Cast: Sachin Khedekar, Barun Sobti
Director: Randeep Jha
Lately, Barun Sobti has impressed me with his range in projects like Tu Hai Mera Sunday, 22 Yards and Asur, and he continues his good work in director Randeep Jha’s Halahal, a murder mystery with a medical college scam at the centre.
Dr Shiv (Sachin Khedekar) is an obvious name for the protagonist in a film titled Halahal (poison), but to his credit, he has balanced both the absorber and destroyer act with finesse. He has done similar roles in the past but he has tried to add layers to the role of a helpless father set out to find the truth of his daughter’s death. However, the story finds its momentum only after a morally ambiguous cop Yusuf’s (Barun Sobti) entry.
It’s one of those thrillers where the writers put emphasis on bringing out the grey side of even the most sophisticated-looking characters. In a funny way, a character actually announces that the world revolves around money and not the sun, in case you don’t get enough hints by what’s happening on screen!
You know the kind of film where even the closest friends try to con each other. You’ll be immediately reminded of Anurag Kashyap’s Ugly, but that’s not a co-incidence because Jha was in the direction team of that film. Also, one of the writers—Zeishan Quadri—has worked with Kashyap in Gangs of Waaseypur. But what makes Jha a promising talent is that he has tried his best to not be very gimmicky in his storytelling and has stuck with a matter-of-fact tone.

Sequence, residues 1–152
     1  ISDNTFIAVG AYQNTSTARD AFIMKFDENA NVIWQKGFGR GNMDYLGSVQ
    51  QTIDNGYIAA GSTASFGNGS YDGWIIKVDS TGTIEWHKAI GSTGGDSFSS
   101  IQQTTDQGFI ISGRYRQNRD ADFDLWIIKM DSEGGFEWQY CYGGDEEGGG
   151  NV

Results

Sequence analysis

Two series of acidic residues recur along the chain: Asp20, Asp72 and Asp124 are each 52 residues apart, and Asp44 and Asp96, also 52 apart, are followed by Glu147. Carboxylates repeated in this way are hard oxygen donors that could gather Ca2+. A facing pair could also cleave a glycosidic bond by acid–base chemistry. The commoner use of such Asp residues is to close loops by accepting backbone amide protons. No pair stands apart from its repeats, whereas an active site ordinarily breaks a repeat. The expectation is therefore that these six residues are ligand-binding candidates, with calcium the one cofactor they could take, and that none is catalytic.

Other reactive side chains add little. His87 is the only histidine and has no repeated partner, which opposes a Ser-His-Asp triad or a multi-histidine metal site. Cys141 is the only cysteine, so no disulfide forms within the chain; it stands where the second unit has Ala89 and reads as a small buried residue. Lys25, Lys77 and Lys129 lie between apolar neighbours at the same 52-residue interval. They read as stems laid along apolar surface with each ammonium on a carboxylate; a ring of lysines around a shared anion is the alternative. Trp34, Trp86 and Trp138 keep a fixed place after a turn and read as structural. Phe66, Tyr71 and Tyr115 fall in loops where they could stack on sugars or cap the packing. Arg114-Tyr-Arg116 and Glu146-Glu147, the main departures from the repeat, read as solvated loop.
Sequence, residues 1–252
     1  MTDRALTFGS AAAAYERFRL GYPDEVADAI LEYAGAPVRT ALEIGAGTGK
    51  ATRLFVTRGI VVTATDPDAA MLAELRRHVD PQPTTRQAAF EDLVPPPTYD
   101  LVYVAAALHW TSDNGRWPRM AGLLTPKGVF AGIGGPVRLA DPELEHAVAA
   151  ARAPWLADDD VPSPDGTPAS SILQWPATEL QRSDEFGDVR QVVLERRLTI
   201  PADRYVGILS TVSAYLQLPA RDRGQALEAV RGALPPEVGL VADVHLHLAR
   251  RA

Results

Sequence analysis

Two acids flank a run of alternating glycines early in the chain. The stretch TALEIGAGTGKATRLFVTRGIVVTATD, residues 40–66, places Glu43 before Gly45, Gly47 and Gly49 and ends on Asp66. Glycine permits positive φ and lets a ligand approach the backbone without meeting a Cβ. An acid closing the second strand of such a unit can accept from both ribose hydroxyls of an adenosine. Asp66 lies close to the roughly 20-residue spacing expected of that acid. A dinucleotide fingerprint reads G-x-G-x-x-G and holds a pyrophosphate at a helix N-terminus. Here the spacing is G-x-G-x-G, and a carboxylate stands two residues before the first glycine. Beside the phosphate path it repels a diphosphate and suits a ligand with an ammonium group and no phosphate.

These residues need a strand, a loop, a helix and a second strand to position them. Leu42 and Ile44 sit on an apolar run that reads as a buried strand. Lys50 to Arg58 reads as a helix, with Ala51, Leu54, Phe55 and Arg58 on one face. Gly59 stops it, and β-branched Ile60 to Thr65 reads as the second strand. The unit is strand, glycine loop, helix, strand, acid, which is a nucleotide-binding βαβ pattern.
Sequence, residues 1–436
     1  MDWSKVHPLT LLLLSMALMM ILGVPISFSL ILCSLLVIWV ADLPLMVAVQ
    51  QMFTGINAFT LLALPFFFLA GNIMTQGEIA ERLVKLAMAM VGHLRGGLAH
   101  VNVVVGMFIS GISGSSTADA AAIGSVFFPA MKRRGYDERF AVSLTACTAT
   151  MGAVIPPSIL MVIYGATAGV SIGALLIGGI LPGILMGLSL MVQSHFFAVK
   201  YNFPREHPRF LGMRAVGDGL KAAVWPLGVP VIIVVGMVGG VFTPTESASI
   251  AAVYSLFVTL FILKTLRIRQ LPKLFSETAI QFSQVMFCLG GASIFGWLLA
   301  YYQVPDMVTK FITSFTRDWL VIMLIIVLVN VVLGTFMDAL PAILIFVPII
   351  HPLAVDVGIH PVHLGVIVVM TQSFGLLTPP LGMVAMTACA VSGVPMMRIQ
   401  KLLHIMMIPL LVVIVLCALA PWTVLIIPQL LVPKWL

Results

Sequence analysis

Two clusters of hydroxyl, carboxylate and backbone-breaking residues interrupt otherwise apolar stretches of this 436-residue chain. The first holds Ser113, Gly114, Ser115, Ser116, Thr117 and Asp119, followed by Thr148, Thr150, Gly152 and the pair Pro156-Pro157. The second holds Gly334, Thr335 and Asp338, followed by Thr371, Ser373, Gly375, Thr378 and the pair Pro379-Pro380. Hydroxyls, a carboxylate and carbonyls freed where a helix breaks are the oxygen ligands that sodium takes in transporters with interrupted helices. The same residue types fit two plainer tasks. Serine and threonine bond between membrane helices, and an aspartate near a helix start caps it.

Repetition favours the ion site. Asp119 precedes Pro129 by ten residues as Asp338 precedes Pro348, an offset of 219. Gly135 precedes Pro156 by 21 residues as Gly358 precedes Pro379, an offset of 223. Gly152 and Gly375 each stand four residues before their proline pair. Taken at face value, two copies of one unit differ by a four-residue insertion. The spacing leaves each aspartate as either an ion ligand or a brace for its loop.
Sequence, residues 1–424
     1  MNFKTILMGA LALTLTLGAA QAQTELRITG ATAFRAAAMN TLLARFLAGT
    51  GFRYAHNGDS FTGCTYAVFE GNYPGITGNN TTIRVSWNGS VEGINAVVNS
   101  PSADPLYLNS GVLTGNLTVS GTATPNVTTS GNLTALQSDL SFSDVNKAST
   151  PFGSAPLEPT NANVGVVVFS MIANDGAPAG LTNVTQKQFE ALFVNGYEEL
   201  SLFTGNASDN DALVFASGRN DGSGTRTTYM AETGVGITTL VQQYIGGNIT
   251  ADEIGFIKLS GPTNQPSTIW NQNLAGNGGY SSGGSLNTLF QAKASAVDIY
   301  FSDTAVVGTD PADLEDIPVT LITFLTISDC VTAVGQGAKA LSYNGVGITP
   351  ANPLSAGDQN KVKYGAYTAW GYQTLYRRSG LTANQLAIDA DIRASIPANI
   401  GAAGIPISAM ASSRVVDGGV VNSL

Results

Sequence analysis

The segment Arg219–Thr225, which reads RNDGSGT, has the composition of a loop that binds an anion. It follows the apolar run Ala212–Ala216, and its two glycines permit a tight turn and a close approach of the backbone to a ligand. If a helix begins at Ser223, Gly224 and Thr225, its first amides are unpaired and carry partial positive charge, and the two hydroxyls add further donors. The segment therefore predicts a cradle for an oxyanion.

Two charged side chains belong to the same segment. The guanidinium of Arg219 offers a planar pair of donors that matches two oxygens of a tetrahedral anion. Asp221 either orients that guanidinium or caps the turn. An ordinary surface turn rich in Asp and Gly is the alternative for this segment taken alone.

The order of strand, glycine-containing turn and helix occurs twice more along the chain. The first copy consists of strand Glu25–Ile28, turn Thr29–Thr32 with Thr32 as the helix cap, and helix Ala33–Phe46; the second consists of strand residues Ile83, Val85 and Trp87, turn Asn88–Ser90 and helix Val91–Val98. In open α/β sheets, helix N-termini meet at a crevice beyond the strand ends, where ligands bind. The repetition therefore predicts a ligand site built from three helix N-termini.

This is where Barun Sobti comes handy as he hasn’t shown much affinity for theatrics. His calm demeanour, which made Asur such a lovely watch, has added dimensions to Halahal as well. His restrained body-language keeps the audience intrigued about his intentions and who wouldn’t want such a trait for a mystery thriller. In fact, his objective chemistry with Sachin Khedekar is the highlight of the film as the two rely on dialogues to reveal plot points at crucial junctures.
However, Halahal never gets as dark as I wanted it to be in order to attain more shock value. Gritty characters need enough time to unfold on screen, but Halahal simply touches and moves on at some really important narrative points.
Set in the Western Uttar Pradesh and the adjacent Haryana, Halahal has a sinister tone but it also has many parties involved and that stops the audience from focusing on the crime and its primary architects. Also, many transitions hamper the flow of the 96-minute film.
Minor flaws overlooked, Halahal is engaging for sure, and its lead talents are quite impressive. With careful project selection, the director can offer much more.